Quinine is a white powdery substance obtained from the bark of the cinchona tree. The word “quinine” has its roots from the Peruvian Indian word “kina”, which means “bark of the tree”. Historically, quinine was used as treatment for malaria, and some other conditions. Today, many anti-malarial drugs still contain quinine, but many other substances are now available for malaria treatment.
Quinine was introduced in Europe in the 1600s by Jesuit missionaries from South America. It was known then as the “miracle bark” or “fever tree”, as it proved to be effective in the treatment of fevers associated with malaria. For decades, quinine was the only known drug to be effective against malaria. And it was only in the 1820s, when quinine was isolated in crystalline form by J.B. Caventou and P.J. Pelletier. By 1944, synthetic quinine was made by R.B. Woodward and W. Doering.
Quinine is a large and complex molecule, and the most important alkaloid in the cinchona bark. Its action involves interfering with the reproduction and growth of “plasmodium vivax”, the parasite carried by mosquitoes and found in malaria. Literally, quinine causes these parasites to disappear from the bloodstream, thereby alleviating symptoms of the disease. However, a relapse of symptoms may occur when quinine treatment is stopped. Since not all parasites are killed during treatment, some of them re-invade the bloodstream and cause the symptoms to appear once again. With treatment from quinine not being permanent, many other alternatives were sought after World War II. Some examples of which are chloroquine and chloroguanide.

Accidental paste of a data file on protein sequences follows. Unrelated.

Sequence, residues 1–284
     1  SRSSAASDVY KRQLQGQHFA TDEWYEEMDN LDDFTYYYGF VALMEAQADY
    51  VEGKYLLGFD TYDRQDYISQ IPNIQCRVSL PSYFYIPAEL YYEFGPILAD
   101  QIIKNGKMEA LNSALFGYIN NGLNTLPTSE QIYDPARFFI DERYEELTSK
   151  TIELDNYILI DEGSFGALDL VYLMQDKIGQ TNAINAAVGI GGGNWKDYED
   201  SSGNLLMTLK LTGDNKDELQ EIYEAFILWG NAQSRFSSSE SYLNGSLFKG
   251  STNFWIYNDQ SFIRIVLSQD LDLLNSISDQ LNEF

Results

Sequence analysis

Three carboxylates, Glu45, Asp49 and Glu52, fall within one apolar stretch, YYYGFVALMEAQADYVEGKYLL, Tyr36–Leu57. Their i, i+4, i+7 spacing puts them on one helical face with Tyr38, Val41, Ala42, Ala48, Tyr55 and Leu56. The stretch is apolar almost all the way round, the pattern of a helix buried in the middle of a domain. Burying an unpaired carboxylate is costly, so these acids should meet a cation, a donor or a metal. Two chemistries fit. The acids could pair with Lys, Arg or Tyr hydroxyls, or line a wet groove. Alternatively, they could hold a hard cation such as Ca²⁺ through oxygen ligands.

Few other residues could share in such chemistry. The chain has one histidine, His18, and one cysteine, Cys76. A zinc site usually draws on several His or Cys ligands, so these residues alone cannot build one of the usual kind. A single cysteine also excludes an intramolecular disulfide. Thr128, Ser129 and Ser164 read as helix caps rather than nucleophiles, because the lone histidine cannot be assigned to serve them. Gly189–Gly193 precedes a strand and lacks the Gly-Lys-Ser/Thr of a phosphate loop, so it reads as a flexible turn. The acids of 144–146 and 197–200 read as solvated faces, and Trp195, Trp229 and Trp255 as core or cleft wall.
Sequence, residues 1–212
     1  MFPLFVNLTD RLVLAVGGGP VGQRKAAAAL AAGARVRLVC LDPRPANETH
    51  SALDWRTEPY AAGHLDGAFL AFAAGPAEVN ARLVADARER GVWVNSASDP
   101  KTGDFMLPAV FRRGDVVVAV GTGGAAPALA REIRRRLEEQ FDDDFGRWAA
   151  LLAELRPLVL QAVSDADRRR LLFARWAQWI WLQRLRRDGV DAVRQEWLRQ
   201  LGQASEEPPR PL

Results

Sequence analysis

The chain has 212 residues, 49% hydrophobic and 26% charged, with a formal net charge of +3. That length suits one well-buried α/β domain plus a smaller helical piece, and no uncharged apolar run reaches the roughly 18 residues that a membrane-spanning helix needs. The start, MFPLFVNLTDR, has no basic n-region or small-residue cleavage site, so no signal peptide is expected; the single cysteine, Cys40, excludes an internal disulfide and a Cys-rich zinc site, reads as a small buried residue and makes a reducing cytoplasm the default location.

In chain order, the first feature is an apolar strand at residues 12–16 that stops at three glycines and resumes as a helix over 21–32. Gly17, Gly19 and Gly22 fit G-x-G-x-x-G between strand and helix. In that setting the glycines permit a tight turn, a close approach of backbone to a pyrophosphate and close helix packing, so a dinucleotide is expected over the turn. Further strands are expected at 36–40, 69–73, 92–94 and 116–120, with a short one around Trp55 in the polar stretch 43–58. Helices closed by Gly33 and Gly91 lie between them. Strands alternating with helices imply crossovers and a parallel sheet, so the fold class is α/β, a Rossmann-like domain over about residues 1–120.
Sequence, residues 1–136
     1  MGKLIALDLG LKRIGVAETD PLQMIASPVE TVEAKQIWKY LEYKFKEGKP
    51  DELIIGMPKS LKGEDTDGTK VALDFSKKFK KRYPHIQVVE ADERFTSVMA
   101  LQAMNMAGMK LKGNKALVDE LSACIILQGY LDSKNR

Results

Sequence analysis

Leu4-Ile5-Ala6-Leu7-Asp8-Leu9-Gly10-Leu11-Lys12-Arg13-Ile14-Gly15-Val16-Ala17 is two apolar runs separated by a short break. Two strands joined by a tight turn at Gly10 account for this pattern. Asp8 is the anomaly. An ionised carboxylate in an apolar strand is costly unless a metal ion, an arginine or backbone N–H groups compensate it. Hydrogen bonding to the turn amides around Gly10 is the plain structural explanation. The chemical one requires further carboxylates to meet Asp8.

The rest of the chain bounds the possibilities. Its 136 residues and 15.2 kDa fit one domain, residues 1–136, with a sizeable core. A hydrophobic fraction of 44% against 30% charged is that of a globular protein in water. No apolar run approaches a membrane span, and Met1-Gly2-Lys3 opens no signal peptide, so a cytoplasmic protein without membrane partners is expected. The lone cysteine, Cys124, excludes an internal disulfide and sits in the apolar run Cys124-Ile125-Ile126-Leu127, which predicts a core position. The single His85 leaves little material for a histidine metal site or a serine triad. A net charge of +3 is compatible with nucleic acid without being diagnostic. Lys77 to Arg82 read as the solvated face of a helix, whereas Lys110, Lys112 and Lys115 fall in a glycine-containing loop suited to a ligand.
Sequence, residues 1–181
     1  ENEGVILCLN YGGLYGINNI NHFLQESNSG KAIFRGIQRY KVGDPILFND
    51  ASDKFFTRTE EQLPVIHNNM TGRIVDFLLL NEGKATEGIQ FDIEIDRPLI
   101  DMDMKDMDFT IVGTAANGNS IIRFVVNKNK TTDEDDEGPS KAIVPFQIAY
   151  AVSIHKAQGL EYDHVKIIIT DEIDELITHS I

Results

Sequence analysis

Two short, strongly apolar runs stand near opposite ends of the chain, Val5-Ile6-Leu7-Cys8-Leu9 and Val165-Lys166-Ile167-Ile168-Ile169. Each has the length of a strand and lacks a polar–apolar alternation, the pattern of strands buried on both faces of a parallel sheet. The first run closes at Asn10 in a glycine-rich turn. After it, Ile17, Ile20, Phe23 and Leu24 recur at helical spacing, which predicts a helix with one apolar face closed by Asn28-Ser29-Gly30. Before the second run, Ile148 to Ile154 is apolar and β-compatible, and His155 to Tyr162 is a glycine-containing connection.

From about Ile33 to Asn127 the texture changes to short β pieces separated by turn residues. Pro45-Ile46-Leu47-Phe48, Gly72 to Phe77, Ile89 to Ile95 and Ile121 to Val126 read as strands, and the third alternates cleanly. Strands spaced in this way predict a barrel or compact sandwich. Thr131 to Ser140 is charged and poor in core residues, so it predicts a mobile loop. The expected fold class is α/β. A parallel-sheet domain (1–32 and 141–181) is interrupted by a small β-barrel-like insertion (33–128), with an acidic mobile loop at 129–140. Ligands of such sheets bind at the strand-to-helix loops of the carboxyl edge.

In its pure form, quinine powder is white or colorless with a sharp bitter taste. Tonic water, originally developed as a prophylactic anti-malarial drug, got it’s bitter taste from quinine. Today, many gins and tonics still contain quinine for its bitter flavor. And aside from anti-malarial drugs, quinine is also used for the treatment of muscle cramps.